Currently Reading: David Copperfield by Charles Dickens and Harry Potter and the Order of the Phoenix by J.K. Rowling
Happy Friday! I have wrapped the Christmas season tight around me lately and my soul is completely full. Right now, I am enjoying some "writing time" in my favorite coffee shop, surrounded by the Christmas spirit: Christmas carols on the radio, and the entire place draped in berries and lights and fake plastic pine. And this peppermint white chocolate mocha (I know.. be jealous, because it's amazing) is the perfect muse.
We spent Wednesday night putting up our tree and now it truly feels like Christmas at home. Our first Christmas in our own home... it's enough to make me tear up.
I know I'm not the only one, but when I anticipate Christmas, many of my thoughts creep back to childhood memories. Gazing into the flame of an Advent candle as "Heidchi Bumbeidchi" swells through the room instantly turns me into a child again, watching Oma light the Advent wreath. Certain songs or smells transport me to the Christmas where I got my dollhouse, the yearly tradition of decorating the tree with Mom, putting up Oma's Christmas Village. Memories that lie dormant all year long come into bright focus as December dawns: Giggling with my sister in my bed on Christmas Eve, sampling my mother's cookies, setting my St. Nikolaus boot on the windowsill, and waking up on the first day of Christmas break. What is it about Christmas that makes me not only remember past Christmases, but yearn for them?
One of my favorite things about Christmas is the dedication to tradition that we all, to some extent, participate in. We bake the same recipes we watched our mothers and grandmothers make, we watch the same beloved movies, and we strive to do everything the way it was last year and the year before. Tradition is cozy and safe, something that helps give our life meaning, and it holds particular importance with this most important and beautiful of holidays. My traditions connect me to my parents, my sister, my grandparents. It affirms who I am and what I believe in. And with each tradition I follow and each happy-cozy feeling that flutters in my soul, my faith and happiness and contentment with the world increases. My traditions are a way to declare my intense love for this holiday and my plan to celebrate it right.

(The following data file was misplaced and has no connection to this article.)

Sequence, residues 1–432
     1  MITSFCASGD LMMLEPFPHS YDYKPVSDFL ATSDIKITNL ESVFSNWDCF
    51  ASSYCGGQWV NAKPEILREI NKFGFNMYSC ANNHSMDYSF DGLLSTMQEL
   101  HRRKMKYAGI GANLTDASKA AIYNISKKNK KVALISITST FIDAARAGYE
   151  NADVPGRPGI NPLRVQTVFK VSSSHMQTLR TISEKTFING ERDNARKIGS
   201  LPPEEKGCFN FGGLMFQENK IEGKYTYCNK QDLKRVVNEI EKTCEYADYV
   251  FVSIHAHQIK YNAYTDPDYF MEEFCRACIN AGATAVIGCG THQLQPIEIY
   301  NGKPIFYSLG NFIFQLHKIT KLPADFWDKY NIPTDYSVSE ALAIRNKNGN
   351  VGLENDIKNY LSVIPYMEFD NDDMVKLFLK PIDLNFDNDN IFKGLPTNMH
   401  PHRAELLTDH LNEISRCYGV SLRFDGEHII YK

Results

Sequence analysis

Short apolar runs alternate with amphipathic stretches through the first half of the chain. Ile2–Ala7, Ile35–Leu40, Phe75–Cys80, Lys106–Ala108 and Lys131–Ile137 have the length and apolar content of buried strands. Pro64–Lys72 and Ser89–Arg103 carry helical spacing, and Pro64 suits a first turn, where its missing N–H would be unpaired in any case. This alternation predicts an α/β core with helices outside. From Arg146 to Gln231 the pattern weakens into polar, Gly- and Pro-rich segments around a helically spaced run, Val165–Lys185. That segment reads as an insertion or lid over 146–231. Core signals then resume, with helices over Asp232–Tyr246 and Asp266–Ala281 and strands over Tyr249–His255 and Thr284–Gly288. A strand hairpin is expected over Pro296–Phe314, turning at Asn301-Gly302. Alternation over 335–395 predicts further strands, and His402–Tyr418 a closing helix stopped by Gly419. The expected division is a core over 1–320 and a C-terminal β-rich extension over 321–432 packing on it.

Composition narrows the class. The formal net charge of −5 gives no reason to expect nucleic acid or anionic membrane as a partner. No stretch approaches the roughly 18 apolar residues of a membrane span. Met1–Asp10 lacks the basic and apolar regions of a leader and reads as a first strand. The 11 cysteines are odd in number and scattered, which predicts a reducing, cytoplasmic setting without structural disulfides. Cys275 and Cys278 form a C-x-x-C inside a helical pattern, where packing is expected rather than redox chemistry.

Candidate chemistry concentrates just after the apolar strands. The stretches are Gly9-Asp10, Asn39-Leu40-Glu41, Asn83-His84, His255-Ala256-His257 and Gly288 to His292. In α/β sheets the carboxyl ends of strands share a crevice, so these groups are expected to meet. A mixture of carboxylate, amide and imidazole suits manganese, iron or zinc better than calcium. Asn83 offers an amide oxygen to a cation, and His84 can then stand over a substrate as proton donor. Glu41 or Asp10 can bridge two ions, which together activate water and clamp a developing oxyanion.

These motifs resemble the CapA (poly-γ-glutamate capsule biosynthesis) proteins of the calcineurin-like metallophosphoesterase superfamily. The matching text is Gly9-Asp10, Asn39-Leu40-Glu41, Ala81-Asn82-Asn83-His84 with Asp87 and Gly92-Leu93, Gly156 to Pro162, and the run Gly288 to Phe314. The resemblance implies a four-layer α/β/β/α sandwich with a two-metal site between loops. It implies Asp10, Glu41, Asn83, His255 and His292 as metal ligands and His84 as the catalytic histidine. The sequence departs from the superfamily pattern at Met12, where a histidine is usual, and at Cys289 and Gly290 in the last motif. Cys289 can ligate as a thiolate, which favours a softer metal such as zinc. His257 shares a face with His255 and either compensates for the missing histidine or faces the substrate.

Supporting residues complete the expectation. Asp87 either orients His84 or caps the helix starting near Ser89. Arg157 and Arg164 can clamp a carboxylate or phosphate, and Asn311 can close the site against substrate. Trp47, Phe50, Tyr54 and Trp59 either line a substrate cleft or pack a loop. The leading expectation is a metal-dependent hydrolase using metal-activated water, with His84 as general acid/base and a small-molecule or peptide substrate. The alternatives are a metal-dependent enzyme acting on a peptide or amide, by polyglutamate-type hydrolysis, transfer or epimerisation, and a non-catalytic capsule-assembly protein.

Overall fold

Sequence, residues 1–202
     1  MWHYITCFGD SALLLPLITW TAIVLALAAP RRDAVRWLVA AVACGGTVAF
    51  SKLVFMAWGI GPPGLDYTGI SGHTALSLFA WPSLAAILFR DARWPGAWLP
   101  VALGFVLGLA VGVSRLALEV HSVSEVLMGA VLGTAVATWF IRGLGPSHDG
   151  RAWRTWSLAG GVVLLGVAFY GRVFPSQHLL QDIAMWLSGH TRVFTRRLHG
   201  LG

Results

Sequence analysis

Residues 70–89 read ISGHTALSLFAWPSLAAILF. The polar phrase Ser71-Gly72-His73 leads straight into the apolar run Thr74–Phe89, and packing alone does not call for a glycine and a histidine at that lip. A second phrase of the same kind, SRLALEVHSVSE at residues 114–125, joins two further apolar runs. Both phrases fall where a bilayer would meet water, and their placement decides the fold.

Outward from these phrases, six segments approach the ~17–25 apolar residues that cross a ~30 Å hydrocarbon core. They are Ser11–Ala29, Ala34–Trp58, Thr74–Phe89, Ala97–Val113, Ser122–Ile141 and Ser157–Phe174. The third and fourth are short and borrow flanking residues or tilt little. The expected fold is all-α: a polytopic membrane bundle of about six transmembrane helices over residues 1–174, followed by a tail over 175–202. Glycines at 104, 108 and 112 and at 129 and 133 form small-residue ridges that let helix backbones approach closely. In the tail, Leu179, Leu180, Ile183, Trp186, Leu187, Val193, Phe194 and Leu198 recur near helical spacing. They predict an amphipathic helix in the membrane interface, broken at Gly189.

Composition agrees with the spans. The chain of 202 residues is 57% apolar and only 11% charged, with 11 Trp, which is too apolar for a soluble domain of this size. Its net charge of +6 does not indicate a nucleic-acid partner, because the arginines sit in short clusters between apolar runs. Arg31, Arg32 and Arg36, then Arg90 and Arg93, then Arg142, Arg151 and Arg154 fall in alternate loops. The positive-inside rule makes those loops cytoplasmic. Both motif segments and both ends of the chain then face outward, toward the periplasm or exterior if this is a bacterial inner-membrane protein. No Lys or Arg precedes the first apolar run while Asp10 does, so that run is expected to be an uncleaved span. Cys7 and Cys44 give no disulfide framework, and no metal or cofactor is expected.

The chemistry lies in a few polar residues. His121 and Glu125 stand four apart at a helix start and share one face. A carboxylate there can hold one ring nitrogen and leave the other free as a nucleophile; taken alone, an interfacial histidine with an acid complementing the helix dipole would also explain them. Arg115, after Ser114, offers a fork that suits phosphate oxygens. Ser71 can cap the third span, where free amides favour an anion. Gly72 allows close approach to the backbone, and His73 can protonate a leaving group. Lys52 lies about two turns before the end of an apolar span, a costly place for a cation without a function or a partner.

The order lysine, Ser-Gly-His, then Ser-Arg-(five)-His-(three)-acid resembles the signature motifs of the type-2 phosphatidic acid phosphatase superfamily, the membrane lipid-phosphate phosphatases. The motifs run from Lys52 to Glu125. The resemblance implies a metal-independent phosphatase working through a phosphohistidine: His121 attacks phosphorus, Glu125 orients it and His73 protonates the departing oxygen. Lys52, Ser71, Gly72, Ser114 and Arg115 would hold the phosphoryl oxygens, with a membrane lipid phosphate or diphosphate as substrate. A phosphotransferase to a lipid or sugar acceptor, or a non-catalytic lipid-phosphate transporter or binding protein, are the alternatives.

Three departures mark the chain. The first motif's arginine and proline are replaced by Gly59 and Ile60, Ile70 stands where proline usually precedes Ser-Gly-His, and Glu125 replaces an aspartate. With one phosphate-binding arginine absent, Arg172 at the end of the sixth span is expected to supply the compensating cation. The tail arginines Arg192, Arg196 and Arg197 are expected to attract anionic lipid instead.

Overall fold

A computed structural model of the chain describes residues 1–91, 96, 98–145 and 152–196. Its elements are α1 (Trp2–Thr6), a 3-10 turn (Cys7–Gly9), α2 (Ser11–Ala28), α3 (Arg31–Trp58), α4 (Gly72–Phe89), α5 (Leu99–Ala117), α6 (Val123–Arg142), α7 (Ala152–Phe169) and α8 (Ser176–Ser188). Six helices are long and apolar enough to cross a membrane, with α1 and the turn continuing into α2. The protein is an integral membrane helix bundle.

Now I have the wonderful opportunity to introduce some of my traditions to Nathan, and partake in some of his, thereby creating our very own. I cannot wait to someday help shape my children's Christmas memories and give them, through our traditions and celebrations, the same sense of love and joy I get at Christmas-time.
In honor of my Christmas-induced mood, I'm posting a letter from the editor of the New York Sun in 1897 answering the query of a little girl named Virginia. This may not be a poem, but it is so beautiful and eloquent, it may as well be. The fat bearded man may not physically exist but everything he represents- love, childhood, faith, generosity does exist. It started with a baby in a manger over 2000 years ago, and continues in you and in me.